From a different perspective, and after a smoked meat sandwich from Schwartz’s Deli, we decided to stay at The Fairmont’s Les Voyageurs Bar for dinner on the second night. Partly due to getting a slight chill while trekking up Mont Royal, and partly due to a $100 credit from hitting Platinum status on 2013’s trips out West and Ottawa, we stayed inside this classic hotel from the train era. After a dozen oysters from the PEI bay where I bought property next to this year we went with a cheese plate of Quebec cheeses accompanied by an absolutely perfect bottle of Quebec white wine. The price was a reasonable $150, and the experience was matched with our expectations: good hotel food from the locality.


Our final moments this morning were spent lingering over coffee, cheap Bordeaux and a wickedly rich collection of French pastry, baguettes filled with smoked salmon and a feuillete containing a bechamel and ham centre. Perhaps that is what Montreal offers: multiple, magnificent moments unlike anywhere else. These were moments welcome and stolen from a cold winter season.


Dispatches From the IPhone: Ma Belle, Ma Vie Dans Montreal

Montreal is where I travel to when I want to live deeply. The Old Port is filled with art, romance and boutique hotels; St. Laurent and St.Denis streets hold unique shops and places to eat. Atwater Market is where patisserie is Parisian and butchers ply their trade. The only way to fail in Montreal is to lack the ability to walk and enjoy what the city brings to your feet.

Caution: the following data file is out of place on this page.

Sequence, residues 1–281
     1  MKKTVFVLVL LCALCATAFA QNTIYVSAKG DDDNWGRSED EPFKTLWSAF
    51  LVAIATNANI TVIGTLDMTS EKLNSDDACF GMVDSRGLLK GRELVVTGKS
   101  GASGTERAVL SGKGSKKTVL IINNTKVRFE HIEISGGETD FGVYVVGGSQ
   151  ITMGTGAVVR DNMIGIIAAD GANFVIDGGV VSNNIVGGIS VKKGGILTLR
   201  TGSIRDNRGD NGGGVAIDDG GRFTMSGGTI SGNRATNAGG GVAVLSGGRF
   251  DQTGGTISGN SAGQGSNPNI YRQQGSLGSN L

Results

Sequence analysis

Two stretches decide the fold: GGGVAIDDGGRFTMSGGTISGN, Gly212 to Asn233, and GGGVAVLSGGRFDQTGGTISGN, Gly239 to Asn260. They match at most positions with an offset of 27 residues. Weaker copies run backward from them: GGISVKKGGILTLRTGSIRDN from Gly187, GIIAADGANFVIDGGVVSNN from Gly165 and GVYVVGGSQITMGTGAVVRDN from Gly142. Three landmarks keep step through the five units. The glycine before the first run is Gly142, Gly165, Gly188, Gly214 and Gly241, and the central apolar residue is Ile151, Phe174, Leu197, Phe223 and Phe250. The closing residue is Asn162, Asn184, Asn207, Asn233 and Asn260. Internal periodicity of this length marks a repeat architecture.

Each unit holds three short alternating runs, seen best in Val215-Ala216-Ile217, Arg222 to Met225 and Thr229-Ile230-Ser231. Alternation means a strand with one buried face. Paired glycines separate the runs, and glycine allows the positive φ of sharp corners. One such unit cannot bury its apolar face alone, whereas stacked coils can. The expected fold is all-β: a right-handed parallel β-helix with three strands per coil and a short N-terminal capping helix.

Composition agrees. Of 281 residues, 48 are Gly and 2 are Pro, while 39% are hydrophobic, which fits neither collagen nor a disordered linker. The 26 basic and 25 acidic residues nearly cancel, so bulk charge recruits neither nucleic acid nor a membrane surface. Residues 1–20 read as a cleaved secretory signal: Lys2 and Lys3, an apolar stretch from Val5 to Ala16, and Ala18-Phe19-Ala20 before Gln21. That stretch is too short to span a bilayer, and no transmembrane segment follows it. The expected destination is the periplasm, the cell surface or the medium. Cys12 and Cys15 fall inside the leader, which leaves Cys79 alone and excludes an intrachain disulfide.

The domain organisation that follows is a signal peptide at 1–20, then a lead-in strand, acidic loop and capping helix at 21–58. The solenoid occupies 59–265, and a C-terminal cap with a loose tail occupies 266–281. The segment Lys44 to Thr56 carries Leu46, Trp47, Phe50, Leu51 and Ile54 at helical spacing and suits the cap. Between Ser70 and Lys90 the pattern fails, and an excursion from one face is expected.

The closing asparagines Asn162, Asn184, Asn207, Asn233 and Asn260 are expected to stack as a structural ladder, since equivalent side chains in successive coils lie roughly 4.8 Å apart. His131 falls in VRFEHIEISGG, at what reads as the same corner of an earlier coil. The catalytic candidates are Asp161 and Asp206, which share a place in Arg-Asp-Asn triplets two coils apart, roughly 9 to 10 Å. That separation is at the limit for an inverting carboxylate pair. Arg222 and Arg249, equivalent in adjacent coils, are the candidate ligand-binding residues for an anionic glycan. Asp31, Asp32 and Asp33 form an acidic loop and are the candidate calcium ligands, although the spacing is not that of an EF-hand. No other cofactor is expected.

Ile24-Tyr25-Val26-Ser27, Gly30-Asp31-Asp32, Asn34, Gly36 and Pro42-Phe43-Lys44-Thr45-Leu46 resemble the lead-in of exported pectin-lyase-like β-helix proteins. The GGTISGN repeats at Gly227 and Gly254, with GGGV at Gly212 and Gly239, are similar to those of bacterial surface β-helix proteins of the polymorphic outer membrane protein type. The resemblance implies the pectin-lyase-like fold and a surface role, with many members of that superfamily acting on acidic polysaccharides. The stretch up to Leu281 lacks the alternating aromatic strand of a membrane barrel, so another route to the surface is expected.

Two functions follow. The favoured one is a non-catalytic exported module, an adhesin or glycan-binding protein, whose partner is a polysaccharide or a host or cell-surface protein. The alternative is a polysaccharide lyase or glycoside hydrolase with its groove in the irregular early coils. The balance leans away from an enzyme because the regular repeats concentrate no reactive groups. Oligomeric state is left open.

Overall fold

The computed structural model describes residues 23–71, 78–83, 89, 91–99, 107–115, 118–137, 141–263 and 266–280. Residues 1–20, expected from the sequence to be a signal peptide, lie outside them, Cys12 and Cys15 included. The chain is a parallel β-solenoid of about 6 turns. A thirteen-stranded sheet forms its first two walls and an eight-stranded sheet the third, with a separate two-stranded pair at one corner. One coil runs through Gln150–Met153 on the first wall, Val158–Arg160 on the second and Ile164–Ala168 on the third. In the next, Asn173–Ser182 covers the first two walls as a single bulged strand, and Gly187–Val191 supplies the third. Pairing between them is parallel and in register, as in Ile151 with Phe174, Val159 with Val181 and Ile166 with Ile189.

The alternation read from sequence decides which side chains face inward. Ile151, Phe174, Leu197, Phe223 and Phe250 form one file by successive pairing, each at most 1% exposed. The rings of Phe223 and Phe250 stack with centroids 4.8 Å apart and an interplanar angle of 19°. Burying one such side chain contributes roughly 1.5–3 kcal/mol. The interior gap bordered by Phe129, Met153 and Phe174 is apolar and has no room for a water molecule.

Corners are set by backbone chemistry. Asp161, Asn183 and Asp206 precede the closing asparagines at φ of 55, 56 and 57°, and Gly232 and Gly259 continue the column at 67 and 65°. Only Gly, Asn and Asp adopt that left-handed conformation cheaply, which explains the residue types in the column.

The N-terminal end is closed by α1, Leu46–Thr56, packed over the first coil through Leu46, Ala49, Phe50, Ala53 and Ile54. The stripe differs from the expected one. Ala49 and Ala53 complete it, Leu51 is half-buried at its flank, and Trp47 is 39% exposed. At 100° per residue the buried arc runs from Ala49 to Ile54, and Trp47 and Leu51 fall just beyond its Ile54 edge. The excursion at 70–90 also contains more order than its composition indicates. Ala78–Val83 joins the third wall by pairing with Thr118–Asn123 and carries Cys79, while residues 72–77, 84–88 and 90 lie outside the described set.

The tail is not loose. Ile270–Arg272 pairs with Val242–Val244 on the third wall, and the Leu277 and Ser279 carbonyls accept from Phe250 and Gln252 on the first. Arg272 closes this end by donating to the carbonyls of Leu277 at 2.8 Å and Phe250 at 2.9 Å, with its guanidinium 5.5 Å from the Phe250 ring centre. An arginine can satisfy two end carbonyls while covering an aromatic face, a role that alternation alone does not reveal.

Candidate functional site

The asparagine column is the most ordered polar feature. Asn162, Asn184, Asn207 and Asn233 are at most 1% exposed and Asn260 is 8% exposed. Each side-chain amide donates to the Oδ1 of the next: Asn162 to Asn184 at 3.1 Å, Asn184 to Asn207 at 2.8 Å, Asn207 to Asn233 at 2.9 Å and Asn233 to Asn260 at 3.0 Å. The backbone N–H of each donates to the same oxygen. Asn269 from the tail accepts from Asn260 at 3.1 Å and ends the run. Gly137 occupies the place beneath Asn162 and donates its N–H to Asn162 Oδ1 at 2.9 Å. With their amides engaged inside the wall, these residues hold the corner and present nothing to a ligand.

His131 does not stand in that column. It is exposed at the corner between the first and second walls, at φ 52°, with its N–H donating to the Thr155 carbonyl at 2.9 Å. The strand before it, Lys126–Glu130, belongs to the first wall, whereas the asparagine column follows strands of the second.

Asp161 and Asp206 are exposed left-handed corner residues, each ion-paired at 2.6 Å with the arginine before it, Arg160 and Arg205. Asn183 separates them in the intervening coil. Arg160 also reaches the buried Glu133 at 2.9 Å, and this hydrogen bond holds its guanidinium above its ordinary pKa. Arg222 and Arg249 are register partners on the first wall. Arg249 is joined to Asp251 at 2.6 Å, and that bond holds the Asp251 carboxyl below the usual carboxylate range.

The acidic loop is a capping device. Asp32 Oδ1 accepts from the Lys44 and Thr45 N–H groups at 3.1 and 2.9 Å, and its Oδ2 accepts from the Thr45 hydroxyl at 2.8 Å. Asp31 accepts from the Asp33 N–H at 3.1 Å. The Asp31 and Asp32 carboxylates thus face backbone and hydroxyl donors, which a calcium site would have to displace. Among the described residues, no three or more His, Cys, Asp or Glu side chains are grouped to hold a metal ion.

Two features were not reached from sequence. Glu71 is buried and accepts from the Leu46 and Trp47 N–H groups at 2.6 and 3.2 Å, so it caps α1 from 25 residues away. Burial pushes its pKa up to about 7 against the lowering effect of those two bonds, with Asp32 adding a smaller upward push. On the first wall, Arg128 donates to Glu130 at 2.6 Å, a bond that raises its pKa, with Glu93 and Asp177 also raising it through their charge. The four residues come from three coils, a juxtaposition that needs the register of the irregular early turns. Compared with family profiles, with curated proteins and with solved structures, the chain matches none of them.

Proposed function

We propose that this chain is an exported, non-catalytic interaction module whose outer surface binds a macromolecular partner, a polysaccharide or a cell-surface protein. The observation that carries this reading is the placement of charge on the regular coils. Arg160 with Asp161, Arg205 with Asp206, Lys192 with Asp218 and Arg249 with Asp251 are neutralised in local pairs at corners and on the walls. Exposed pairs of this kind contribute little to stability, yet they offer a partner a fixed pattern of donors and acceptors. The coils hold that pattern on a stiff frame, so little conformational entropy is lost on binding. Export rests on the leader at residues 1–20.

The one place I seek refuge with every visit is Au Pied du Cochon. The child of madman Martin Picard, it is the Mecca for Québécois food for the soul. From foie gras cromesquis (molten foie in bread cubes) to large chunks of perfectly done flesh, Pied is one of my favourite restaurants in the world. Sadly, it has also become a place where travelling conservatives pretending to be foodies are being drawn to. As I looked across the bar top, the uber thin woman experiencing the kitchen through her eyes in lieu of her mouth. The sad couple sat facing the bar instead of each other. They stared at the food on the plate instead of tasting it. Doggy bags full of unctuous Duck in a Can and foie gras poutine went home with them; they will pretend to eat it, but it will be thrown away when their microwave butchers it. Such things make me feel bad for the rest of the world; such things remind me of how fortunate I have become in 2013.

What did I order? After the nuggets of molten liver, I ventured into the daily specials: charcuterie made at the cabane aux sucre, boudin (blood sausage) on top of thick potato purée, suckling pig shank with a creamy stuffed onion and a few choice bottles of Bourgogne red wine. The food was rich, the wine was perfect, conversation was joyous and I felt alive in the way one can only feel in Montreal on a Friday.

Strangely enough, I have been pretty lucky to get reservations at Pied. The other two major restaurants, Joe Beef and Garde a Manger, were booked solid until April. Not a problem in a city filled with such stellar options as Schwartz’s, Frite Alors, Ruby Rouge for dim sum, and a 3 Brasseurs for microbrews in season.

In a city where you can go to Atwater Market on Saturday morning and buy a picnic of calvados terrine with pear, a perfect pear tart, French bread, chanterelles and blue foot mushrooms and a wide collection of unique small biere forte, how could you not feel tears in your eyes? Yet, most tourists flock to fast food joints on Ste. Catherine. Sad, but common.